User state consists of several components that make one users's computing environment distinct from another's. System settings, application settings, and files used are customized on a per-user basis. Migration affects mainly these, which are local to the user's computer (and therefore hardware or operating system replacement puts them at risk of being lost or no longer applicable). The majority are confined to a location on a computer's hard drive known as the user's profile. Starting with Windows 2000, this is the subfolder in the "Documents and Settings" folder (located on the Windows boot drive, which means that, typically, its path is C:\Documents and Settings) named after the user's Windows account name (in earlier version of Windows, this used to be a subfolder of the Profiles folder residing in the Windows installation directory). User profile contains two types of components:

  • Registry Settings, which are, in turn, stored in two .DAT files. The first one is NTUSER.DAT and resides directly in the user's profile root folder (i.e., Documents and Settings\UserName, where UserName is the name of user Windows account). This file consists of entries in the HKEY_CURRENT_USER registry hive, which become part of the user's roaming profile (assuming one has been assigned). The other is USRCLASS.DAT, located in the Documents and Settings\UserName\Local Settings\Application Data\Microsoft\Windows and intended for application-specific entries, which are excluded from the roaming profile.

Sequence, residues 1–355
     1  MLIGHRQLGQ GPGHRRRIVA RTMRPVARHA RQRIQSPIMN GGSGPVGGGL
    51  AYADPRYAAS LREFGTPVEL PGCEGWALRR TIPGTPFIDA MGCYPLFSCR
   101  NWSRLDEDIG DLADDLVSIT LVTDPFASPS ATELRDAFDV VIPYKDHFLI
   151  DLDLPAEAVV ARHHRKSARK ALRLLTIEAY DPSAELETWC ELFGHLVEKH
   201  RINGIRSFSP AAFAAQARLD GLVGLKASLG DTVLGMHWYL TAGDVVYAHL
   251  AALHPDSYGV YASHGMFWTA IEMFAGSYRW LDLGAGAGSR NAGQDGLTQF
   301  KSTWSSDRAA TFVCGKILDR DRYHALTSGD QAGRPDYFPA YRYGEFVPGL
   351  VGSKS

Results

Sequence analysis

• Files, which are organized in a fairly elaborate directory structure, including, such subfolders as:

    • Desktop, NetHood, PrintHood, SendTo, Start Menu, or Recent Documents correspond to some of the features of graphical interface of Windows Explorer and contain user-specific settings for each. For example, by adding a shortcut to an application in the SendTo folder under a user's profile, another option is automatically added to the SendTo submenu of the Windows Explorer's File menu. NetHood is intended for shortcuts to users' custom items defined in My Network Places, while PrintHood serves the same role in regard to shortcuts to items in Printer folders. Shortcuts placed in the Start Menu folder complement those available in the All Programs menu for all users.
    • Application Data contains configuration and data files that define users' custom application settings that are part of the roaming profile. For example, it includes the cryptography data needed when using the encryption/decryption features of EFS.